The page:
At the beginning of 1881, negotiations began, in June of the following year, the first test train rushed after it, and in the autumn, the route was officially put into operation.

“The speed of construction is astonishing, especially when we imagine that while only 7 culverts were built from Hulín to Holešov, there must have been 3 bridges and 27 culverts between Holešov and Bystřice,” pointed out Martin Šůstal from the Kroměřížská dráha association.

This year, this railway is celebrating 140 years and it is an extremely important link for the whole region, without which the locals would find it difficult to do without today.

“Operation on this line began on November 15, 1882 with the arrival of a special train at the Bystřice station. Many rare guests came with him, which was welcomed by the then mayor Augustin Thonet, “reads Vojtěch Kopřiva’s book published on the occasion of the centenary.

The local section was created as the third line in the ranking of the joint-stock company Kroměřížská dráha. In previous years, Kroměříž merged with Hulín and Zborovice. It was supposed to be a remedy of the situation when Kroměříž passed the Emperor Ferdinand’s Northern Railway.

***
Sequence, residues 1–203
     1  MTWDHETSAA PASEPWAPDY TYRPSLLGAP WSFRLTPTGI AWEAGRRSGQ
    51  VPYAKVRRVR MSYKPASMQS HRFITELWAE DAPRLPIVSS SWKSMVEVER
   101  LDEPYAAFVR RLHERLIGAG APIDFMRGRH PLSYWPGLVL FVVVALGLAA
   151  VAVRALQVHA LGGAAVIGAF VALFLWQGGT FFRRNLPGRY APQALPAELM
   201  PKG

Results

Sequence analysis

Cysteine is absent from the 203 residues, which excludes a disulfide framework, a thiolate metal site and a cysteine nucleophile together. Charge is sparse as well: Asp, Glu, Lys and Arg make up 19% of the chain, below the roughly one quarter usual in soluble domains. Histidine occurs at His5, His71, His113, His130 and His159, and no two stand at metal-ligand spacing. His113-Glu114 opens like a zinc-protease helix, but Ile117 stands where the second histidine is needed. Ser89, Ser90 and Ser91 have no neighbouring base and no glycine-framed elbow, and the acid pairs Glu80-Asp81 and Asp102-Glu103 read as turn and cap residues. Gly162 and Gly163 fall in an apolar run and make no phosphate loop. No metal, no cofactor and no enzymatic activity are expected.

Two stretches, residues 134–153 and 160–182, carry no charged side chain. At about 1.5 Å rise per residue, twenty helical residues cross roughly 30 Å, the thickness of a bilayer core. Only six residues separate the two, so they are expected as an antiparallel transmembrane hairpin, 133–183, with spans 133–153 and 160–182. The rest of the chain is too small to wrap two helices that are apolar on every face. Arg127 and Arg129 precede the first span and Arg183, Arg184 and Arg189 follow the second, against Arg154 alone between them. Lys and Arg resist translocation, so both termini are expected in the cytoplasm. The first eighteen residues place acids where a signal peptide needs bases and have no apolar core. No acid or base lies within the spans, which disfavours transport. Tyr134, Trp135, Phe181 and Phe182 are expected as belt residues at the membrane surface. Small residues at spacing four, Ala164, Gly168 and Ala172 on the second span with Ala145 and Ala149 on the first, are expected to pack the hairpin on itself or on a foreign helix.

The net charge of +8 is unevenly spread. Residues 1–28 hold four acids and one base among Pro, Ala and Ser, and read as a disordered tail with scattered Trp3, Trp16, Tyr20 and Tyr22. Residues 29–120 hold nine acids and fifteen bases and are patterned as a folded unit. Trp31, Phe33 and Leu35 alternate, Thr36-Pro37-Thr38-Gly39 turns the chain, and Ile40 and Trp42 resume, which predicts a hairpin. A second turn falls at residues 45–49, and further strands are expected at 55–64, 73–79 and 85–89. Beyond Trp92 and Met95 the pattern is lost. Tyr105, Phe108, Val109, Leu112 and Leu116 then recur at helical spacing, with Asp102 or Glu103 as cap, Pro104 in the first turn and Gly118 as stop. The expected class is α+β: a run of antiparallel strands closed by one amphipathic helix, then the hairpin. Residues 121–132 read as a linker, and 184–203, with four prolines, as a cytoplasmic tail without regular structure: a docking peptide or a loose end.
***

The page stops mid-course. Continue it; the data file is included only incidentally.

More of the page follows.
The track between Hulín and Bystřice in the beginning looked different than today. For example, there were three separate railway stations in Hulín, and the section from Bílavsko to Bystřice led elsewhere. “From the original body, the track leaned closer to the hill, turned right over the village so that it could continue from the new railway station to Valašské Meziříčí in its current form,” says Šůstal.

The first locomotive of Kroměříž Railway was named after the largest shareholder, the Archbishop of Olomouc “Fürstenberg”, others were named after municipalities – Zborowitz, Kromeriz, Holesow or Bistritz a. H.

In the past, the importance of the track has increased several times; for example, during military maneuvers at the end of the 19th century, which the Emperor Francis Joseph I himself came to see in Bystřice. Hostýn was extradited by 200,000 people, or during the transfer of troops to the Russian front at the beginning of the First World War.